Big Brother has been busy.
New York City's board of health voted last week to ban the use of trans fats in restaurants, a step that will force many of the Big Apple's 26,000 eating establishments to radically alter the way they prepare food. The prohibition is being called a model for other cities, such as Chicago, where similar bans have been proposed.
Is it a good idea to avoid food made with trans fats? That depends on what you consider good. Trans fats are said to raise the risk of heart disease by increasing levels of LDL ("bad") cholesterol. They also contribute to the appealing taste of many baked and fried foods, and provide an economical alternative to saturated fats. As with most things in life, trans fats carry both risks and benefits. Do the possible long-term health concerns outweigh the short-term pleasures? That's a question of values one that scientists and regulators aren't competent to answer.
Different people have different priorities. They make different choices about the fats in their diet, just as they make different choices about whether to drive a Toyota, drink their coffee black, or get a tattoo. In a free society, men and women decide such things for themselves. In New York, men and women are now a little less free. And since a loss of liberty anywhere is a threat to liberty everywhere, the rest of us are now a little less free as well.
But the slow erosion of freedom doesn't trouble the lifestyle bullies. They are quite sure that they have the right to dictate people's eating (and other) habits. "It's basically a slow form of poison," sniffs David Katz of the Yale Prevention Research Center. "I applaud New York City, and frankly, I think there should be a nationwide ban."
Yes, why go through the trouble of making your own decision about trans fats or anything else when officious bureaucrats are willing to make it for you? Liberty can be so messy. Who wouldn't rather have Big Brother prohibit something outright smoking in bars, say, or cycling without a helmet, or using marijuana, or gambling, or working a job for less than some "minimum" wage than be allowed the freedom to choose for oneself?
"A nationwide ban," says Katz wishfully. It's an old temptation. New York's interdiction on trans fats was adopted on December 5 73 years to the day from the repeal of Prohibition, the mother of all "nationwide bans."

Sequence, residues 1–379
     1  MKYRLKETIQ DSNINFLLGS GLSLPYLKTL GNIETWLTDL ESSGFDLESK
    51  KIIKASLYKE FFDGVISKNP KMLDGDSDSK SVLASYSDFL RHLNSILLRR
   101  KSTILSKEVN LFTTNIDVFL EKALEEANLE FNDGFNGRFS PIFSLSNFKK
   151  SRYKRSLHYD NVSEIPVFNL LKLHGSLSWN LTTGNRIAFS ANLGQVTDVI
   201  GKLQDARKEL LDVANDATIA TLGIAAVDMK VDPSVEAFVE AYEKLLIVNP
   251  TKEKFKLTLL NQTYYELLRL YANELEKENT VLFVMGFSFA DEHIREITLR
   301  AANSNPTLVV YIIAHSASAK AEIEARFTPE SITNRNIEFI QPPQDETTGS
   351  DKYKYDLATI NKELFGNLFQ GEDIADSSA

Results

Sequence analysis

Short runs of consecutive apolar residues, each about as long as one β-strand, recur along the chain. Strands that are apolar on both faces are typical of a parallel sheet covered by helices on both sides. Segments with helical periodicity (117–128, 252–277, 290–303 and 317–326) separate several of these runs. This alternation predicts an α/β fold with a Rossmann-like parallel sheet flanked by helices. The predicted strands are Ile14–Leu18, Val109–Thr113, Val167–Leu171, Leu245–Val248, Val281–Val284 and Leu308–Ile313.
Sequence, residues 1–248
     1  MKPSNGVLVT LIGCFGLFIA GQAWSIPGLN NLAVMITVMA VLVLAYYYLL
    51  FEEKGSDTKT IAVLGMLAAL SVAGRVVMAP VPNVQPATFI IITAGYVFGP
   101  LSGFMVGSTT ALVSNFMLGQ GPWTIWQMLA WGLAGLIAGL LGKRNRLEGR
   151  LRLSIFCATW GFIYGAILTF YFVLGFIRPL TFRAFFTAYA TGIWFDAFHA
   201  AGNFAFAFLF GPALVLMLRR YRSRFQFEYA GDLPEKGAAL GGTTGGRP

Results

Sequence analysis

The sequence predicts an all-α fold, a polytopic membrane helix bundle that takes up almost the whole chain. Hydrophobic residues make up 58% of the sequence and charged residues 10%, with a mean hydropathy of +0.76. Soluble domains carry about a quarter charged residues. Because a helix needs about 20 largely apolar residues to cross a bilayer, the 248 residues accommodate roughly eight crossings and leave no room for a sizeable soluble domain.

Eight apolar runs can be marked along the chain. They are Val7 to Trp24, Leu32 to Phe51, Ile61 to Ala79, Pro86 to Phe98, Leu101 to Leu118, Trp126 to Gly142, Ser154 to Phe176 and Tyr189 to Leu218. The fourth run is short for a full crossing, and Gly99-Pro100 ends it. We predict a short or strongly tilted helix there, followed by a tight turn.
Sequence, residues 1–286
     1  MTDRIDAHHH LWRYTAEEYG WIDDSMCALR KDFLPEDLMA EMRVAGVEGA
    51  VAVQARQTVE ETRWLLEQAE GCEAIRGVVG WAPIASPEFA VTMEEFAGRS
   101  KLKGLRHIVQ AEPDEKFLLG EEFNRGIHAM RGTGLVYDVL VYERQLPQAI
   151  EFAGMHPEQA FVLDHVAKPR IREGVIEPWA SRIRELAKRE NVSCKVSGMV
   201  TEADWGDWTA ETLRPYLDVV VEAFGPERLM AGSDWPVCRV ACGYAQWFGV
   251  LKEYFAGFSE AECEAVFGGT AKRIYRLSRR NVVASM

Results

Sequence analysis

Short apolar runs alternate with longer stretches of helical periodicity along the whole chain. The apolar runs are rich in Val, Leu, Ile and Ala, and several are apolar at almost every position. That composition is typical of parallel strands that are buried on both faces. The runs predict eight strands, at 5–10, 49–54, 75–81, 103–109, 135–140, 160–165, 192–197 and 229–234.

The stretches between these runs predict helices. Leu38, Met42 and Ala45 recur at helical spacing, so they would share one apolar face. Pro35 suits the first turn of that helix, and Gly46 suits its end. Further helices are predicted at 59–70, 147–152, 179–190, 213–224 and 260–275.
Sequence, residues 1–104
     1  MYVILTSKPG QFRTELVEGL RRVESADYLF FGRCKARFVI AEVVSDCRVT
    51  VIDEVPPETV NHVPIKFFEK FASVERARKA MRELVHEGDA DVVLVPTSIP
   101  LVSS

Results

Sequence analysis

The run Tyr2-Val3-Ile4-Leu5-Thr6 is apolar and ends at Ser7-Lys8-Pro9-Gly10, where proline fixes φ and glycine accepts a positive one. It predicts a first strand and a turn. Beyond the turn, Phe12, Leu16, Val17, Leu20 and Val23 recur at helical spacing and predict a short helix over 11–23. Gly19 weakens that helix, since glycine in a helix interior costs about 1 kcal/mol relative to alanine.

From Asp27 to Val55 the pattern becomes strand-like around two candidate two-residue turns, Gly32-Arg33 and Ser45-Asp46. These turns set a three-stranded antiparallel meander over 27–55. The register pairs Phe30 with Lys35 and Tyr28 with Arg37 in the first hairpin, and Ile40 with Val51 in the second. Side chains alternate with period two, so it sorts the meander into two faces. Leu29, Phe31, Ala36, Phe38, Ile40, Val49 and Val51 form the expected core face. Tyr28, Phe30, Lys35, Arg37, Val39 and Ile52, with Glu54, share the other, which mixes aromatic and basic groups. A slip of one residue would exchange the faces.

But Big Brother doesn't always appear as a hectoring nanny. Sometimes he comes disguised instead as a victim of the bullies.
Consider the plight of Scott Rodrigues, a Cape Cod man who lost his job with the Scotts lawn-care corporation when a drug test showed that he had violated a company rule against smoking at any time on or off the job. Scotts no longer hires tobacco users, since they drive up the cost of medical insurance, and Rodrigues, a former pack-a-day smoker, knew about the policy and was trying to kick his habit. He was down to about six cigarettes daily when he was fired.
Now he claims that Scotts violated his privacy and civil rights, and is suing his ex-employer in Superior Court.
"How employees want to lead their private lives is their own business," his lawyer told The Boston Globe. "Next they're going to say, 'you don't get enough exercise'. . . . I don't think anybody ought to be smoking cigarettes, but as long as it's legal, it's none of the employer's business as long as it doesn't impact the workplace."
It's hard not to feel a measure of sympathy for Rodrigues . Many activities endanger health and can drive up the cost of health insurance, from drag-racing to overeating to promiscuous sex. Yet none of those appear to be grounds for termination at Scotts. It seems capricious to treat only smokers so harshly.
But capricious or not, Scotts is entitled to condition its employment on any criteria it wishes. (With the significant exception of the "protected categories" race, religion, etc. itemized in civil rights statutes.) Rodrigues has not been cheated. No one forced him to take a job with an antismoking employer. Scotts is a private firm, and if it chooses not to employ smokers or skiers, or Socialists, or "Seinfeld" fans that choice should be legally unassailable. Rodrigues is free to vent his disappointment, of course. He can criticize Scotts publicly, even organize a boycott. (He can also go to work for one of Scotts' competitors.)
But forcing the company to defend itself against a groundless lawsuit goes too far. That is an abuse of governmental power an assault on the liberty of employers to operate freely in the market. It is a different kind of bullying than the ban on trans fats, but it's an act of bullying nonetheless.
The price of liberty, Thomas Jefferson warned, is eternal vigilance. But too few of us have been vigilant. And the bullies keep gaining ground.